Balancing Act: How To Master The Creative & Commercial Content Mix On Social Media

Updated: Jul 31, 2019


Welcome to Compass Studio’s tenth instalment of our 'Explore More' series, where we dig into to the stories and inspirations of those people that are conquering uncharted grounds right now – whether physical, environmental or social, in the hope of spreading the good further.

Sitting down with photographer Mark Clinton has helped us learn more about photography as an art – and the balance between the craft’s commercial, and personal sides.

We chat through his most noteworthy experiences out on the field, the awe-inspiring destinations that keep him coming back time and time again, and how staying true to your own personal brand is the key to curating the most authentic of Instagram feeds.

  • Tell us about what you do, and how it came about?

I'm a commercial photographer from Sydney, Australia. I stumbled upon photography when I was about 13, using the camera as an excuse to stay ashore while my friends went surfing in bigger waves. I stuck with it, experimenting shooting whenever possible – and haven't put the camera down since. There’s always something new to learn.

  • Tell us about the work that you’re most proud of, both personally and commercially?

4 years ago I jumped on an opportunity to be taught how to ski from one of New Zealand’s best skiers. Skiing has since given me some incredible opportunities and challenged me both creatively, but most importantly, physically. Knowing what shot you want is part of it. Getting there is another game altogether.

Commercially, I’m proud of my body of work as a whole. From those early meet-and-greets to then seeing your images in print or on a billboard — that’s what i'm most proud of.

  • Where is your favourite place that you’ve travelled to – why?

Wanaka, New Zealand. Since travelling there 5 years ago on a whim, I've been returning a number of times every year since. Each time I go back there’s another layer to unfold. It’s only 3 hours from Sydney and in complete polarity to the urban/beach lifestyle I grew up with. The vistas, sense of closeness in the community and the outdoor-centred lifestyle is what keeps me going back time and time again.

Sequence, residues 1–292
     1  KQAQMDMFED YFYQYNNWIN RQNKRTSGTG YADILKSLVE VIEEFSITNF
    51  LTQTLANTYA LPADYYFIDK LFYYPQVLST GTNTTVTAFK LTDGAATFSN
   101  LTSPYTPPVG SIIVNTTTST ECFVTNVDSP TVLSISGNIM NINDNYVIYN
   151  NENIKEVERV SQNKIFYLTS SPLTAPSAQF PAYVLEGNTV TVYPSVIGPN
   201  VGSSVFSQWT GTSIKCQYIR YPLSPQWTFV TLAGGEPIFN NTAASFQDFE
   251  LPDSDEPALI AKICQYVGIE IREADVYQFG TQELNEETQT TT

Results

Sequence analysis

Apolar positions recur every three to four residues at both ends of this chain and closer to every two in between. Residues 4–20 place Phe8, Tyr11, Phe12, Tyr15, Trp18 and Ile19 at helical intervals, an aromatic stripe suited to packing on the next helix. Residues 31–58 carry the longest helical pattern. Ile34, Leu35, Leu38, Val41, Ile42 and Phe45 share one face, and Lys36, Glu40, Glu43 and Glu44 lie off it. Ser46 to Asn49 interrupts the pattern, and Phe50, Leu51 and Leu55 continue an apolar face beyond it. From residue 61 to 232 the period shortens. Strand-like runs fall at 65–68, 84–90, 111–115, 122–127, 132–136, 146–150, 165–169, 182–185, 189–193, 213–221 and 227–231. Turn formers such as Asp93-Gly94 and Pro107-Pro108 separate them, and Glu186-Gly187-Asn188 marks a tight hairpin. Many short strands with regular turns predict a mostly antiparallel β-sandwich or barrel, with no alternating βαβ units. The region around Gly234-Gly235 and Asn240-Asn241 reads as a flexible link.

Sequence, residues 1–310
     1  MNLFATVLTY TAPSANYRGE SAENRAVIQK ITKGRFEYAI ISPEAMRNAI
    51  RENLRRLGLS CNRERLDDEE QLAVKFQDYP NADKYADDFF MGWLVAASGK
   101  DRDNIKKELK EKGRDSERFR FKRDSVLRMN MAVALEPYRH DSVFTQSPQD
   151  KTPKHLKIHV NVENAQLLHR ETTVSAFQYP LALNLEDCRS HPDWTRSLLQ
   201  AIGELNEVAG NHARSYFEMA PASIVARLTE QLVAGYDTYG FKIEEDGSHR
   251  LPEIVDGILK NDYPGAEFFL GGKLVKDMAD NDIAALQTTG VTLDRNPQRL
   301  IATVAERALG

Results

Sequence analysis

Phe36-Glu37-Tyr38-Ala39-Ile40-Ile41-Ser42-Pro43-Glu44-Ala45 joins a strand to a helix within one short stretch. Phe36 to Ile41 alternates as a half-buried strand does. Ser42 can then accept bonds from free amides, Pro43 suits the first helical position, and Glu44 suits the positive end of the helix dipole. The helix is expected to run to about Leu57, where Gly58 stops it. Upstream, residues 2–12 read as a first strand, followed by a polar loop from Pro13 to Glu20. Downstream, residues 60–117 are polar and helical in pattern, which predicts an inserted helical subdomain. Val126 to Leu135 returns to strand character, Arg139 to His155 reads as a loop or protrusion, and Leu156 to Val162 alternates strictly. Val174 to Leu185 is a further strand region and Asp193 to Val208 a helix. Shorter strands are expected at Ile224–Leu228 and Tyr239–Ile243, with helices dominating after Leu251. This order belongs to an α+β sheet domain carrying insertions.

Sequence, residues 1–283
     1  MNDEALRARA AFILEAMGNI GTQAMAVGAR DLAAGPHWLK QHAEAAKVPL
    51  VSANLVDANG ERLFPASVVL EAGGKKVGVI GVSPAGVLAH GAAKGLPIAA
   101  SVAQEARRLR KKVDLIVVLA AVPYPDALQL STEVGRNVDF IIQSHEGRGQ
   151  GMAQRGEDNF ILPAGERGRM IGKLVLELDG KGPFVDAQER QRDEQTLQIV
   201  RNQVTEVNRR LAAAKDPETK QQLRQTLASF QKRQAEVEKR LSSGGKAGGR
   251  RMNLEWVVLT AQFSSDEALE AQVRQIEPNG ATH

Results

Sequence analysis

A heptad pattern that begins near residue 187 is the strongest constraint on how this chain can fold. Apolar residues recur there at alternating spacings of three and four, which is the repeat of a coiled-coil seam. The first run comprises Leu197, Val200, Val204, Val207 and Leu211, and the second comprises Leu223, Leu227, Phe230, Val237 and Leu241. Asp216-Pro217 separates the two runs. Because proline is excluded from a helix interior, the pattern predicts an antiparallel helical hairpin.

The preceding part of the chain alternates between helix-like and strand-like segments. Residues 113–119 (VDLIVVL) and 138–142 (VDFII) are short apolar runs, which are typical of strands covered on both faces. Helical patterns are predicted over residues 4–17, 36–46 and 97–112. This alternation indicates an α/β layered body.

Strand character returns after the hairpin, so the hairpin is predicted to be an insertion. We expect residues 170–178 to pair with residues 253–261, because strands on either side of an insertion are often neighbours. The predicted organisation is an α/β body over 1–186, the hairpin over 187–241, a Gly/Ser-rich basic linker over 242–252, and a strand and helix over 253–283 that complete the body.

"Knowing what shot you want is part of it. Getting there is another game altogether."

  • What’s on the travel schedule?

I’ve just returned from a trip to Thailand riding road bikes around the mountains surrounding Chiang Mai. Definitely off-piste to the usual trips I chase, but a great experience in its own right.

As expected, I'm heading back to Wanaka over the Australian summer period. Once the snow melts, it opens up a number of options to chase in the mountains — hiking, camping and mountain biking to name a few. Off days are best spent lounging around the lake. Unknown to most, New Zealand is actually warm during the summer months!

Japan, Canada and European alps are shaping up for my next stint of travel — all ski related! Man, I'm so hooked on the snow right now!

  • If you could pack only three things in your bag for a trip, what would it be?

Camera, down jacket and a notepad.

  • Your photography is far more than just a killer Instagram feed. Tell us more about the kind of work you’ve been shooting this year?

I’ve had a diverse mix of both. Commercially I started off shooting for one of the biggest consumer tech brands followed by a milk commercial — ha!  I love the variety of work I shoot — there’s always something to keep me on my toes. I then went on a personal trip to Norway in March, New Zealand over winter with a number of odd jobs scattered in between. Balance is key!

  • What are your thoughts on the social media, and the scene right now?

I first started using social media 8 years ago as a visual journey with my phone and naturally started posting my DSLR photos. Everyone’s feed was a strong representation of their own brand and through that I met a bunch of friends who shared the same interests. Having ‘x’ followers didn't matter as much.

Modern day social media has a lot of people following the same winning formulas in order to strive for success. Vendors in the tourism industry are saying that people aren’t travelling for the culture and experience, it's all about that ‘thumb stopper’ image on the feed. With everyone becoming desensitised by what’s on their feed hopefully that'll push people to dig deeper for originality and not repetition.

  • What’s one thing that you wish brands knew about visual content creation on social media?

Slow down, stop stressing about followers and focus your energy on creating a consistent style and feel for your brand. I believe far more in having a strong aesthetic tying everything together than paying third parties to use your product.

  • Your computer, website, Instagram, Facebook, and the-digital-world-as-we-know-it has a meltdown. You can only keep one photo, which one is it?

This image taken on Lake Wanaka during a Summer's day. It shares 3 key elements that have made a significant impact to my life – Wanaka, the waves and the mountains. All have pushed me creatively and out of my comfort zone, learning from all those experiences along the way.

Want to learn more about Mark Clinton? Check them out his work at or follow him on Instagram.